PH returns to Venice Biennale with The City Who Had Two Navels
The Philippine Pavilion at the 16th Venice Architecture Biennale is a confluence of forces shaping our built environment today
April 26, 2018
“Presenting the contemporary Philippines to the world enriches the narrative of our country,” NCCA chairman Virgilio Almario opened today’s press conference for the country’s Venice Biennale 2018 pavilion. “Whether from the Global South or North, we ask: how do all humans negotiate a future in a world expanding through global forces strongly influencing our daily lives?”
Following the call for examining an idea of “Freespace” (“Pookginhawa” in the Philippine context) by the Venice Biennale 2018 curators, the Philippine Pavilion underscores the strategies by which Filipinos use the built environment as modes of resistance and appropriation to an ever- changing world.
The City Who Had Two Navels, curated by Edson Cabalfin, is a critical response to National Artist for Literature Nick Joaquin’s important literary work The Woman Who Had Two Navels and a celebration of his birth centennial. The pavilion highlights two “navels” that are in constant dialogue: first, how colonialism impacts the formation of the built environment; and second, how the process of neoliberalization alters the urban landscape.
The first “navel”, “(Post)Colonial Imaginations”, presents expositions and world’s fairs showcasing the Philippines during the colonial and post-colonial periods. Through images and artifacts, the first section looks at how Philippine displays in expositions reproduced colonial narratives of the exotic and the primitive. The first section of the pavilion presents the question: can we truly escape the colonial?
The second navel, “Neoliberal Urbanism” presents the development of Philippine cities as embedded within processes of neoliberalization. Under a neoliberal agenda, cities are placed in a hierarchy based on their ability to compete for capital following principles of privatization, deregulation, free trade, and minimal state intervention.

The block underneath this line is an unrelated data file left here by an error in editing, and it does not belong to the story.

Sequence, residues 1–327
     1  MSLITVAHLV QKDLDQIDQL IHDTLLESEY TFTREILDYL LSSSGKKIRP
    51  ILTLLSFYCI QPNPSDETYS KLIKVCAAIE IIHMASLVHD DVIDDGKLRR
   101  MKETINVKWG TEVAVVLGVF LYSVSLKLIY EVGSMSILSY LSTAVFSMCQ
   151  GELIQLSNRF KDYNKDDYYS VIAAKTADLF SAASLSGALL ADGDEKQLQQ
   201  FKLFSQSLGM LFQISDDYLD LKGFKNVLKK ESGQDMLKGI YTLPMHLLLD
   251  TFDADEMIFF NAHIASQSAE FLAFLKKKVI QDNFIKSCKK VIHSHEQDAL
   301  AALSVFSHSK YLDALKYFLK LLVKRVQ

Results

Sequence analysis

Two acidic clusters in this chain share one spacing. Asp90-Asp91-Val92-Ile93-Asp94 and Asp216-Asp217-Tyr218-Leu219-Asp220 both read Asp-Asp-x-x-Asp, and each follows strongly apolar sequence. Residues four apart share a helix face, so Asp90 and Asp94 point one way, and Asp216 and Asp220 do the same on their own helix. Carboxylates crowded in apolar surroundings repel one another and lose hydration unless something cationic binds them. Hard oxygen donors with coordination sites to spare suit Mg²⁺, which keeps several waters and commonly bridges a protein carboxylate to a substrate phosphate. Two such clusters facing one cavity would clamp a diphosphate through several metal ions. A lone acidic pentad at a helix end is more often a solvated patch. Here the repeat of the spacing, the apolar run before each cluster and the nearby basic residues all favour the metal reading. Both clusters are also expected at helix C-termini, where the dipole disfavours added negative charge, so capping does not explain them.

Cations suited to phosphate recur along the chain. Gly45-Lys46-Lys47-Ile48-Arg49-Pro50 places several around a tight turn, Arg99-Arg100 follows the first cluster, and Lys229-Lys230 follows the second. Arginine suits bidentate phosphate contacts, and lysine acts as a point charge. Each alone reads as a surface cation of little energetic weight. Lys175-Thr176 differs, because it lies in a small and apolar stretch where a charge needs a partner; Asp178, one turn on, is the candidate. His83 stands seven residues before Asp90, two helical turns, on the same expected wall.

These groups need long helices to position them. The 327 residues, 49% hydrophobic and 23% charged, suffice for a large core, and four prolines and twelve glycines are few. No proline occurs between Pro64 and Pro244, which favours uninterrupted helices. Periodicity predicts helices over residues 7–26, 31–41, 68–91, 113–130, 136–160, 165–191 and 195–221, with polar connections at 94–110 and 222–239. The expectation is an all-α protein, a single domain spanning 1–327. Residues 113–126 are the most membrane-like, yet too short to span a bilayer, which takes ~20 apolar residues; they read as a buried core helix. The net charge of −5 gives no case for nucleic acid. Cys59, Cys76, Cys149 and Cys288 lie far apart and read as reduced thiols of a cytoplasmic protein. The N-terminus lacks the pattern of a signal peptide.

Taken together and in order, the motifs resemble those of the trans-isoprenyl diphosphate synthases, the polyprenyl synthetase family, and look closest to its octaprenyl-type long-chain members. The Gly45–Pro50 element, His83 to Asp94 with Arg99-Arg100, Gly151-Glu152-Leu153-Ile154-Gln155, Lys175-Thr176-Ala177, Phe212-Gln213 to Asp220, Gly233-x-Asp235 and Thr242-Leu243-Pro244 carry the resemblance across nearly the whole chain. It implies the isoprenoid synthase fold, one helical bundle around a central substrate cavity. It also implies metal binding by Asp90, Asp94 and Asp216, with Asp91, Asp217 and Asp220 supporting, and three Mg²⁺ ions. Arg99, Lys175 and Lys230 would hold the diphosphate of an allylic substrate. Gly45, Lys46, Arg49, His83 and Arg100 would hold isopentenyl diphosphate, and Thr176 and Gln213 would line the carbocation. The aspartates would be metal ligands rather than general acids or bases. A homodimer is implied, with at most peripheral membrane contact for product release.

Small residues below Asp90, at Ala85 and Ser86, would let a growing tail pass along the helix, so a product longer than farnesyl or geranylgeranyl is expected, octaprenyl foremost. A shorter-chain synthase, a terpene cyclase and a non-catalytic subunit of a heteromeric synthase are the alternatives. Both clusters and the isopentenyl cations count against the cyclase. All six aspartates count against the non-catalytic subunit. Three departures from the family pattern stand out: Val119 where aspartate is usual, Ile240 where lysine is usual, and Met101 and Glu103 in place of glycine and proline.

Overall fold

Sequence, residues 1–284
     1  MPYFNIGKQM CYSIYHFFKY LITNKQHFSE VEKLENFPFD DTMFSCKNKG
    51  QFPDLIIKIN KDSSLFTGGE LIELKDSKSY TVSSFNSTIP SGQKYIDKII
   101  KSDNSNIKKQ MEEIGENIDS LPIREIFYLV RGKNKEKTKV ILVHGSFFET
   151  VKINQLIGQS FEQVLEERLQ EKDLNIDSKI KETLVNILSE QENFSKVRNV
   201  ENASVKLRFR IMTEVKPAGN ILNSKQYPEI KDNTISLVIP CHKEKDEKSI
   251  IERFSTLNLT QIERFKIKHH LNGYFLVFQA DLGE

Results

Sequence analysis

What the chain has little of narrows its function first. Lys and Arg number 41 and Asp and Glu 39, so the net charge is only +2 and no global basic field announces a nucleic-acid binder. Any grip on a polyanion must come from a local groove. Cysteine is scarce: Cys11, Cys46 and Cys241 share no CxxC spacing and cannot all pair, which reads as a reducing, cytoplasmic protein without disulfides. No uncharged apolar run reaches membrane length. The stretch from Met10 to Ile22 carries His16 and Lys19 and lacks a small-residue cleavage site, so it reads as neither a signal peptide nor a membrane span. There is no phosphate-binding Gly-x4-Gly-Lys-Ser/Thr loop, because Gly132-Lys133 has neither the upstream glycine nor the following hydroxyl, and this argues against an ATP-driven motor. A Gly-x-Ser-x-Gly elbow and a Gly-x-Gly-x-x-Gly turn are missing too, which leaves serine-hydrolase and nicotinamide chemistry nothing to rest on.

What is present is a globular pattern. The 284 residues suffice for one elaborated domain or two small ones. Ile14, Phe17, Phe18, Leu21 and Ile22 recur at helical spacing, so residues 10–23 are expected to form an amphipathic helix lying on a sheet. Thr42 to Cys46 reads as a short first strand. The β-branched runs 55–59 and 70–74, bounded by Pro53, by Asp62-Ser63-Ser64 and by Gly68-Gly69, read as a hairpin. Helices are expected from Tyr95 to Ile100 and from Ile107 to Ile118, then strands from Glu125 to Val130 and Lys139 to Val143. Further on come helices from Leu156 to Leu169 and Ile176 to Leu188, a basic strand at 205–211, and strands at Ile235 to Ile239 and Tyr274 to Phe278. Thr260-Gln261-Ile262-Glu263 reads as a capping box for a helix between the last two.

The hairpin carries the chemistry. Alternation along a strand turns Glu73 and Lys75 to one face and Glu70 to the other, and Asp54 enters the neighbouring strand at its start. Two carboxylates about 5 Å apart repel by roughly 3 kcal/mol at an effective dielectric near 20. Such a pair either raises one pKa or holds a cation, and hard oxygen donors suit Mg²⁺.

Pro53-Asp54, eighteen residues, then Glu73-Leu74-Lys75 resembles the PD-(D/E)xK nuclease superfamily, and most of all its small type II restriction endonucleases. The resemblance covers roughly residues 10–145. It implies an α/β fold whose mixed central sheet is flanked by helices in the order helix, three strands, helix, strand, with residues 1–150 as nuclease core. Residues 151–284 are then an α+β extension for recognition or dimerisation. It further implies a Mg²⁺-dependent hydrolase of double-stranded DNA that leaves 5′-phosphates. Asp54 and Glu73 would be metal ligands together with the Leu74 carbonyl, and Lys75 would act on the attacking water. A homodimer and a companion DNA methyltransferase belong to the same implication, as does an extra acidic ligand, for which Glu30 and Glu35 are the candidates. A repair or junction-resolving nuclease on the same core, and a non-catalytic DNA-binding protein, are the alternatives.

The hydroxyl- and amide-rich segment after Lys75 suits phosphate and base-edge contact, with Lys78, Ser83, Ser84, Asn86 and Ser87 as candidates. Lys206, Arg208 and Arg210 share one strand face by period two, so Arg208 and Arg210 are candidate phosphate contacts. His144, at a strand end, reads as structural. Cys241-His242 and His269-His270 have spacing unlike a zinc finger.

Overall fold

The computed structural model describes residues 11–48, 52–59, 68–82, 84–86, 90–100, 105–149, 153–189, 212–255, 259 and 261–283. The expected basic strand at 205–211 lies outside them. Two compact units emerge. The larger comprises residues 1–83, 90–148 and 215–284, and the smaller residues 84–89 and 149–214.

By exposing contemporary issues in Philippine cities, the pavilion poses the question: is neoliberalization a new form of colonialism?
In the central part of the exhibition, a video installation explores the intersection of the two forces of colonialism and neoliberalism. The juncture of these two “navels” represents an emergent wave of postcolonial anxieties born out of the process of exiting the colonial condition.
“We have the agency to respond to these forces, to challenge them. I don’t propose my own way of doing things, because I feel that would be another form of colonization. Instead, I allow the pavilion collaborators to form their own responses. Filipinos are creative, resilient, quick to adapt, and, more importantly, we can choose to actively change,” explained Cabalfin.
A think-tank consortium was created comprising students and faculty from selected architecture, design, and planning programs in the Philippines: (1) Yason Banal, contemporary artist and filmmaker; (2) TAO (Technical Assistance Organization) Pilipinas, Inc., a women-led, non- government organization that assists urban and rural poor communities; (3) De La Salle – College of Saint Benilde; (4) University of San Carlos – School of Architecture, Fine Arts and Design; (5) University of the Philippines Diliman, College of Architecture; and (6) University of the Philippines Mindanao, Department of Architecture.
“Persistence and creativity is the name of the game,” Senator Loren Legarda said of their first attempt return to the Venice Biennale after 51 long years of absence. “To actually being able to do so despite the challenges that almost had us giving up…Imagine if we had not pushed through, if we let the hurdles get the better of us, then we would not be here today.”
“Despite the troubling times worldwide, culture is there to converse with all nations,” the senator added.